Basics of Habitat
- Grade Level:
- Second Grade-Fifth Grade
- Biology: Animals, Biology: Plants, Wildlife Biology
- 40 - 60 minutes
- National/State Standards:
- Alaska State Standards
Science: A12, 14, 15; B1, 2, 3; D1, 2;
English & LA: B3
Mathematics: C1, 2, 3; E2, 3
OverviewUse America's largest national park as a pathway to discovery!
In this lesson, students think about essential survival needs
- To understand how living and non-living things interact and change in a forest community.
- To identify the basic survival needs shared by people and all other animals—plants, food, water, shelter, and space.
BackgroundHave the students identify five basic survival needs shared by people and all other animals: plants, sunlight, water, soil and air. Students will list and organize needs of people, pets and wildlife. Tell the students that all animals (including people, pets, and wildlife) need food, water, shelter and space in which to live. These must be in the quality and quantity required by the particular animal. Because animals need food, water, shelter and space to be available in a way that is suitable to their needs, we say that these things must be available in a suitable “arrangement.”
Use step two of this activity after step one, or alone if students know the basic needs already (see "Procedures," below). This activity provides a little more detail than step 1. Have the students:
- identify their own basic needs for food, water, shelter and space in a suitable arrangement; and
- generalize that wildlife and other animals have similar basic needs. Students draw pictures of people and animal homes, comparing basic needs.
MaterialsDrawing paper, crayons
Put three words on a chalkboard, so that a column of words can be listed under each: People-Pets-Wildlife. Ask the students, “What do people need in order to be able to live?” List the students’ ideas in a column under the word, “People.” Do the same for “Pets” and “Wildlife.”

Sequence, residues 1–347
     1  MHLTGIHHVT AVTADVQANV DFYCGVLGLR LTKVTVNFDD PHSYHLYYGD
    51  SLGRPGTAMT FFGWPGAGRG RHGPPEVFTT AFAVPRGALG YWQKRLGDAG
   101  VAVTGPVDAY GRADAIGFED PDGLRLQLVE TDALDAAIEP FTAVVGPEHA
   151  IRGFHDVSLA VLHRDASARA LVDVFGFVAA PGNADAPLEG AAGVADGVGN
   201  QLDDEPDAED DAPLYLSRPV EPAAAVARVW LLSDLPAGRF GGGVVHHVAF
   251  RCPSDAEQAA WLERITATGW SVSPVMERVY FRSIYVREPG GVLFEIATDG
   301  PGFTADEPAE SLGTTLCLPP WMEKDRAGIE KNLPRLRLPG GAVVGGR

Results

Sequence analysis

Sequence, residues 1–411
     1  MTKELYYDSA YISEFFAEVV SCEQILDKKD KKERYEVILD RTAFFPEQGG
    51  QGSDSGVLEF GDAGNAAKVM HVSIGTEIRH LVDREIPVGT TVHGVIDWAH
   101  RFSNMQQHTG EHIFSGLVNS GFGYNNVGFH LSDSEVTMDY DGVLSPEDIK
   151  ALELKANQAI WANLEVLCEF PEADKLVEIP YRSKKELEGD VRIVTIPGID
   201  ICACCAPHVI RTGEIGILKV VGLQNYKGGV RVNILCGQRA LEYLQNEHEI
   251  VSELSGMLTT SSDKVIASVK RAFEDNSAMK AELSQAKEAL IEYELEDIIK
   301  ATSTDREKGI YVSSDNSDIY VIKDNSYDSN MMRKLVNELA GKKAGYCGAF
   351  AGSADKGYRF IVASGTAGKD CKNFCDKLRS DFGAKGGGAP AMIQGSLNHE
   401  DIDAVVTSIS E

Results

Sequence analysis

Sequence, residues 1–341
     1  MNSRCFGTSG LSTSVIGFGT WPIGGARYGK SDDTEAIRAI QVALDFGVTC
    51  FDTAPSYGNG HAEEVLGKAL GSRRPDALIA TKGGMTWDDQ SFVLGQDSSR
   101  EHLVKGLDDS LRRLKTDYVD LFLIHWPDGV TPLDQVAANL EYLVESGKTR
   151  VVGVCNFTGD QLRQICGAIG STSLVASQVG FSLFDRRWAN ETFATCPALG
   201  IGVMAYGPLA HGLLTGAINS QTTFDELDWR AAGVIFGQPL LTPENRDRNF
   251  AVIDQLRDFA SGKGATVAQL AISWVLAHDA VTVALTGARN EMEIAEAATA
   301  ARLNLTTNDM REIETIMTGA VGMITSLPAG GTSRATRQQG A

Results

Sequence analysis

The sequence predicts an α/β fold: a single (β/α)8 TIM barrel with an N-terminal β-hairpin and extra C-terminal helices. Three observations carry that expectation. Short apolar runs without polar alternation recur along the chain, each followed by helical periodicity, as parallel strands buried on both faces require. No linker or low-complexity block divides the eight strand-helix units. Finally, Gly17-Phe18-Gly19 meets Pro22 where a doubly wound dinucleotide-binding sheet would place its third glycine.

After the lists are made, ask the students to look to see which ideas seem to go together into larger ideas. For example, warmth might be combined with physical comfort and both might fit within the concept of shelter. See if the students can narrow down the lists and come up with the essential survival needs for people, pets and wildlife. The most basic survival needs will be the same for each of the three groups. The lists, when reduced, could include and be limited to:
List at least four things plants and animals need for survival. How do plant needs differ from animal needs?
If desired, stop after the first step. For a fuller lesson or with older students, continue with this step.
1. List the following words on a chalkboard: food, water, shelter, and space.
2. Read each word aloud, asking the students to repeat the words after you. (They may say the letters of the words and use the words for spelling.)
3. Food and water will be easy concepts for the students to understand. They are familiar needs for themselves each day. Shelter and space will be more difficult. Ask the students to explain what shelter and space are. Make sure the meanings of all four words are clear before you proceed.
4. Give the students drawing paper and crayons. Ask the students to draw a picture of where they find food, water, shelter and space. Ask students to label the parts of their drawings where they find their food, water, shelter and space.
Note: Food and water will not be difficult to identify. Shelter could be shown in a number of ways. Labeling a roof can show shelter. Space can be shown as the area inside and outside the house. It can include the house and yard. Space also can include the neighborhood. (Space actually includes all the areas used for survival.)
5. Once the drawings are complete, write two more words on the chalkboard: arrangement, habitat. Say the words aloud, asking the children to repeat them after you. (Again, these words may be used for spelling.)